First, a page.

I love a new article by War on the Rocks about “grass roots” engagement because its heart is in the exact right place, yet much of the history and analysis seems off-base.
The following sentence is a giant clue to what this topic is really about:
…fear of losing such expensive equipment induced risk aversion among decision-makers and prevented them from being released…
It reminded me very much of how ill-prepared the US was marching Civil-War style into Spanish American War, and what saved the day. Few Americans remember but July 2nd 1898 the 24th and 25th Colored Infantry rescued the Rough Riders at San Juan Hill.
‘If it hadn’t been for the black cavalry, the Rough Riders would have been exterminated.’ Five black soldiers of the 10th Cavalry received the Medal of Honor and 25 other black soldiers were awarded the Certificate of Merit.
I’ve written about this before also in terms of WWI, where an innovative Beersheba battle victory attributed to British deception operations and a charge of their black cavalry had a decisive effect on the overall war.
And on that note it KILLS me to read in the War on the Rocks article something like this:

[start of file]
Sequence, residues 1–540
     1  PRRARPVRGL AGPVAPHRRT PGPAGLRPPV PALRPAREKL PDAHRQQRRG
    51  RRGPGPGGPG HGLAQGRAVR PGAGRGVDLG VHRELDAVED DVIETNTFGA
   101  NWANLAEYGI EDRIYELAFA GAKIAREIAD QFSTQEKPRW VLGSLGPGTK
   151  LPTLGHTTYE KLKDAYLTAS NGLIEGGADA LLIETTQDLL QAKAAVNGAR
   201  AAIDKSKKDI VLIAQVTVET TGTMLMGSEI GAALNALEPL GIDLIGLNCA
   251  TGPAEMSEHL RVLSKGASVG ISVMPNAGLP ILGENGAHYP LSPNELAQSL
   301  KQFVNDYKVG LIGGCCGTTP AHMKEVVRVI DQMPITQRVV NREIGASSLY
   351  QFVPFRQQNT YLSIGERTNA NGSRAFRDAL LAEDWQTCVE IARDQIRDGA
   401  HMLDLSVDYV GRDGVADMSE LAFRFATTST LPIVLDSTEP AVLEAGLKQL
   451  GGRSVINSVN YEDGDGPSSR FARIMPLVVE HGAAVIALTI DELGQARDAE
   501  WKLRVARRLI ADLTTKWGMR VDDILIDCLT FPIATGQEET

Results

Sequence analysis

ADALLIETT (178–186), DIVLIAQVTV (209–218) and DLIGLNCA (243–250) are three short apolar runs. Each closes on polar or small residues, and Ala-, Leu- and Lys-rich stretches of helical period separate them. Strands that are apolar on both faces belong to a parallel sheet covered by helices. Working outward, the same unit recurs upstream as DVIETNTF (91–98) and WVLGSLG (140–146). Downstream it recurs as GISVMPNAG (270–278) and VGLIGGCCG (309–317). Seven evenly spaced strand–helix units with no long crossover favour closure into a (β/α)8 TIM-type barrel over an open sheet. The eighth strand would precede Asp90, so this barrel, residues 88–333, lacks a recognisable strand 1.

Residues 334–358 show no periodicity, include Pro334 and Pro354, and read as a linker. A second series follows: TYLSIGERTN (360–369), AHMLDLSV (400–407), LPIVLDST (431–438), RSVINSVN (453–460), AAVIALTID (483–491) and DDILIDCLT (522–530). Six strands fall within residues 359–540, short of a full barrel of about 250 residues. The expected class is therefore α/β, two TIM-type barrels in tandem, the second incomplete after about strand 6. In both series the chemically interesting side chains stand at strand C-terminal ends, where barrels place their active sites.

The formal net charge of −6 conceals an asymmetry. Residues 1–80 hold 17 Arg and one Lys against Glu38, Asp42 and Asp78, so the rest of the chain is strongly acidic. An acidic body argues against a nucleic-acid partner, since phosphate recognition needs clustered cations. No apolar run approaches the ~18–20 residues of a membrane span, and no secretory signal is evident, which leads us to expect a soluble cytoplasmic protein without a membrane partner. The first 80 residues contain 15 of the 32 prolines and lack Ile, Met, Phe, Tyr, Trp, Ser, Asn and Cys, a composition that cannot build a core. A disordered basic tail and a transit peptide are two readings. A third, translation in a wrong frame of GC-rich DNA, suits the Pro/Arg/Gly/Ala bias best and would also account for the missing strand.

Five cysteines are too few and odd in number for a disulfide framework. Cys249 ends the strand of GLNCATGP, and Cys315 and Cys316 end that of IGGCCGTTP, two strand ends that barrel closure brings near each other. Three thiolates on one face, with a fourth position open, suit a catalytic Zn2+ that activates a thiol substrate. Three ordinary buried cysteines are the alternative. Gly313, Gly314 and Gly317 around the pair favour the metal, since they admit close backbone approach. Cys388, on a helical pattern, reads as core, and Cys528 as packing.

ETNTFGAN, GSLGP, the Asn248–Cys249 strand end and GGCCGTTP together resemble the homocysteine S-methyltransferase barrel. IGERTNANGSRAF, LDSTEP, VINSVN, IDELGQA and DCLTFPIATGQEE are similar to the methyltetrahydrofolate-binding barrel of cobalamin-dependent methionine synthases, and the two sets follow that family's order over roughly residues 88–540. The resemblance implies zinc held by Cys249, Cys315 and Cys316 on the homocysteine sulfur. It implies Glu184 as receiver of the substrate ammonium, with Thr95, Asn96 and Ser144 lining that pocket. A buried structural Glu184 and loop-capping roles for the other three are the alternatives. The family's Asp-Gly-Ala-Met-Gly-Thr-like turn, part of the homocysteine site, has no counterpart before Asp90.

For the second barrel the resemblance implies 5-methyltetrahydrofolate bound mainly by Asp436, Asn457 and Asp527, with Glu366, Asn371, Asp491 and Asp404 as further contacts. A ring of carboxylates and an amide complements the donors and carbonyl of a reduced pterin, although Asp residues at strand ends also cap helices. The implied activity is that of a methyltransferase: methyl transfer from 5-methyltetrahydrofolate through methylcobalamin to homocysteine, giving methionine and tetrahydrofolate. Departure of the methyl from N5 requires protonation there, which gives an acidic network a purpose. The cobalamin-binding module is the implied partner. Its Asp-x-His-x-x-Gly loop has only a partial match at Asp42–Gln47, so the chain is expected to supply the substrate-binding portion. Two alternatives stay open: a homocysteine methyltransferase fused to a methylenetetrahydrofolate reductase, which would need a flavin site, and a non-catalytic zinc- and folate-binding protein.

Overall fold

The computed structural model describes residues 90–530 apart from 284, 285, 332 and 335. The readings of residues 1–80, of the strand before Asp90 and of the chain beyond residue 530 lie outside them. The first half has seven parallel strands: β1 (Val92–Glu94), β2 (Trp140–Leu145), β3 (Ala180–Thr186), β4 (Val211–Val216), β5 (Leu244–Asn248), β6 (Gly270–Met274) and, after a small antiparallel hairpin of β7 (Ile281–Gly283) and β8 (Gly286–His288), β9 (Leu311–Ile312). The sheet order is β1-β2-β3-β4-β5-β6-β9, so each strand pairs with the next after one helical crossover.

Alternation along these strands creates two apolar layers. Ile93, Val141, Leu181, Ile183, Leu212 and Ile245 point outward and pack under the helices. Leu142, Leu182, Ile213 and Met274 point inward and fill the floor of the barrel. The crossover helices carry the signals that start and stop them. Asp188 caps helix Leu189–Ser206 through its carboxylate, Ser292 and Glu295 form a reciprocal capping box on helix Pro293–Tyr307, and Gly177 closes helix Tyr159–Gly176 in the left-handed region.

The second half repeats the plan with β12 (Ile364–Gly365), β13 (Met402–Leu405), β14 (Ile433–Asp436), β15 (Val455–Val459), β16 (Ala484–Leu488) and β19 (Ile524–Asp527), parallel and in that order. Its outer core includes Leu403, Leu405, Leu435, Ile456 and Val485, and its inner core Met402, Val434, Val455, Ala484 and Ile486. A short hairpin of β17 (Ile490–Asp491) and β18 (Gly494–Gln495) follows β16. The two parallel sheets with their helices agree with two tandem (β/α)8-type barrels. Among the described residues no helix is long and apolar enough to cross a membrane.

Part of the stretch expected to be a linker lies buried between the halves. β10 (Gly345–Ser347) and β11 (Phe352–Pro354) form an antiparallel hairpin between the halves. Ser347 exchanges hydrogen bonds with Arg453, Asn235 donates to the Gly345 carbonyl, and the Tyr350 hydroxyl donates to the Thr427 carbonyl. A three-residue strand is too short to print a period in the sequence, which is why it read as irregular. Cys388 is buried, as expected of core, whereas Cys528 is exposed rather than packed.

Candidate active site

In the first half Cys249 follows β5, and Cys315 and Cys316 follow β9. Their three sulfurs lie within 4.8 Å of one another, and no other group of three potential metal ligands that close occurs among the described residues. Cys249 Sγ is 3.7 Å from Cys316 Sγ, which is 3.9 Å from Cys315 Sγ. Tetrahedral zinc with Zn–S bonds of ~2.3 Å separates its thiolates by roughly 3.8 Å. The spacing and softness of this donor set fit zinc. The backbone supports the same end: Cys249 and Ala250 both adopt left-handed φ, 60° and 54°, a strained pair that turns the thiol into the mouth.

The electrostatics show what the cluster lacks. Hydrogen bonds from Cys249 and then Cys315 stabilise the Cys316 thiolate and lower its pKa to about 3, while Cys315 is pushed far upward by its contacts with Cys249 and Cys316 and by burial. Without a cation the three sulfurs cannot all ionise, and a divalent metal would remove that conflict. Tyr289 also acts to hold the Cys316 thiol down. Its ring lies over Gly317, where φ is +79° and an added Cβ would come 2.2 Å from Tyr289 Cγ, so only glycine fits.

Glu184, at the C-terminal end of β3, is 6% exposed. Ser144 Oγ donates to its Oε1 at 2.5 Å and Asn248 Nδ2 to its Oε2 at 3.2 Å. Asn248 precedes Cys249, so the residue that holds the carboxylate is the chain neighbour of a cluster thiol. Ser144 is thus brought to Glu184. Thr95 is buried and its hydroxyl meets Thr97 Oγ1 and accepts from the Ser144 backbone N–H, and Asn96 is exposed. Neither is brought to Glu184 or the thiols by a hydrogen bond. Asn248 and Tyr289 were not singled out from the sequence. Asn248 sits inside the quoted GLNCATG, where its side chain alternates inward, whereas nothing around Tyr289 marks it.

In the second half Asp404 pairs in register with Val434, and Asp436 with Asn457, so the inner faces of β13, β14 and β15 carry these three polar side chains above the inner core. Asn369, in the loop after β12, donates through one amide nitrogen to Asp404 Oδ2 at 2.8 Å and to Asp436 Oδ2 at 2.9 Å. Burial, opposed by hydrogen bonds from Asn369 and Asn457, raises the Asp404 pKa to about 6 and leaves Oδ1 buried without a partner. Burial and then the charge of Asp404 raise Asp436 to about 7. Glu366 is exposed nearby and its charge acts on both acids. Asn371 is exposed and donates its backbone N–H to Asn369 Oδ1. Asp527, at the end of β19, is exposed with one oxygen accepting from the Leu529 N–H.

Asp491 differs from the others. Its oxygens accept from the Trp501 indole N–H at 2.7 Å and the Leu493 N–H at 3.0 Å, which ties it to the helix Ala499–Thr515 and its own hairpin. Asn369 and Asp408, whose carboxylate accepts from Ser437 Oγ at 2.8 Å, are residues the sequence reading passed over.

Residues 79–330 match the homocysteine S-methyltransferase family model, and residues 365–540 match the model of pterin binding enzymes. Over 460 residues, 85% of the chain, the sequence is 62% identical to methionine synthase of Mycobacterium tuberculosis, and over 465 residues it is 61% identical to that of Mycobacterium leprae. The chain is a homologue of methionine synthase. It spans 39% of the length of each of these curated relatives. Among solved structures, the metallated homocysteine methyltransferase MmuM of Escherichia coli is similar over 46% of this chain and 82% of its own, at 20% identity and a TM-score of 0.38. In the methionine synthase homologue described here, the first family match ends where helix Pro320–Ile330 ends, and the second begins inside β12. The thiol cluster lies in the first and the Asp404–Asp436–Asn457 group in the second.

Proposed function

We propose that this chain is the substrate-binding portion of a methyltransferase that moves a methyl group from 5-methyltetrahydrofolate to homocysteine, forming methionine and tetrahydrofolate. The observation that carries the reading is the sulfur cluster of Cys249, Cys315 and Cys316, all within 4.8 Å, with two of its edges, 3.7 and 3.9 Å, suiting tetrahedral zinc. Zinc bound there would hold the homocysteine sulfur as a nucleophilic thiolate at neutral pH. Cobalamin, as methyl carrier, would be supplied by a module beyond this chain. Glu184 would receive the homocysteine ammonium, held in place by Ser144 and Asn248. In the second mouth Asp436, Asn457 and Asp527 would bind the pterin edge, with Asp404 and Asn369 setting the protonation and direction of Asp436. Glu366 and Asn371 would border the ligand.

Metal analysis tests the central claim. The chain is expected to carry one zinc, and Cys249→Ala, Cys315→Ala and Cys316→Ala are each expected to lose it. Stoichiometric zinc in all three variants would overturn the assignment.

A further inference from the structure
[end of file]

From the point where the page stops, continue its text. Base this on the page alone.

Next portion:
The ‘do-it-yourself’ ethos has evolved from hobbyist clubs that were dedicating to building personal computers back in the 1970s…
No. Go back much, much earlier.
It was self-sufficiency and becoming a “made man” (e.g. General Grant was genius at hard-working innovations) that drove Union forces to defeat rigid-thinking Southern Confederacy of slaveholders in Civil War.
American innovation is greatly hampered by inability to leverage diverse thinking that is readily available. When talking about “risk aversion” we need to be honest, describing it in terms more illustrative of the problem such as racism or sexism.
It also is hampered by a lack of teaching history, which illustrates how innovations have best come from integrating, in other words learning to compete together instead of against each other. Victory is achievable to those who collaborate better.